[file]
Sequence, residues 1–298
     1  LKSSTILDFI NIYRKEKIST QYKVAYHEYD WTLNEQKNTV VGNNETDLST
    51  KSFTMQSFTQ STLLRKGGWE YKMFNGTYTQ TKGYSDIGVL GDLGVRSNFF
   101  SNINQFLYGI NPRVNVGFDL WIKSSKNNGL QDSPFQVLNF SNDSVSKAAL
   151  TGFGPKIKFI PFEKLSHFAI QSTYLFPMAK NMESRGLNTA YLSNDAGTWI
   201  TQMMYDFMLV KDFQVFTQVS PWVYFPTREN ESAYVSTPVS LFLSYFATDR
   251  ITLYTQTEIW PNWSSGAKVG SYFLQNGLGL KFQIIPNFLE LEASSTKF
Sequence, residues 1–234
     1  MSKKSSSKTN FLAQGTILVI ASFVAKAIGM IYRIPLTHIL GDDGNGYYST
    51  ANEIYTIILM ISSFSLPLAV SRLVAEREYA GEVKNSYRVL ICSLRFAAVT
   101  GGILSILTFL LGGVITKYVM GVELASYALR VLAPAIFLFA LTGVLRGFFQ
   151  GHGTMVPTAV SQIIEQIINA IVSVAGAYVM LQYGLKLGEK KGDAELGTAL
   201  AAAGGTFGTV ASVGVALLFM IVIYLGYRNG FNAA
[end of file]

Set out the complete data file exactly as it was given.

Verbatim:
Sequence, residues 1–298
     1  LKSSTILDFI NIYRKEKIST QYKVAYHEYD WTLNEQKNTV VGNNETDLST
    51  KSFTMQSFTQ STLLRKGGWE YKMFNGTYTQ TKGYSDIGVL GDLGVRSNFF
   101  SNINQFLYGI NPRVNVGFDL WIKSSKNNGL QDSPFQVLNF SNDSVSKAAL
   151  TGFGPKIKFI PFEKLSHFAI QSTYLFPMAK NMESRGLNTA YLSNDAGTWI
   201  TQMMYDFMLV KDFQVFTQVS PWVYFPTREN ESAYVSTPVS LFLSYFATDR
   251  ITLYTQTEIW PNWSSGAKVG SYFLQNGLGL KFQIIPNFLE LEASSTKF
Sequence, residues 1–234
     1  MSKKSSSKTN FLAQGTILVI ASFVAKAIGM IYRIPLTHIL GDDGNGYYST
    51  ANEIYTIILM ISSFSLPLAV SRLVAEREYA GEVKNSYRVL ICSLRFAAVT
   101  GGILSILTFL LGGVITKYVM GVELASYALR VLAPAIFLFA LTGVLRGFFQ
   151  GHGTMVPTAV SQIIEQIINA IVSVAGAYVM LQYGLKLGEK KGDAELGTAL
   201  AAAGGTFGTV ASVGVALLFM IVIYLGYRNG FNAA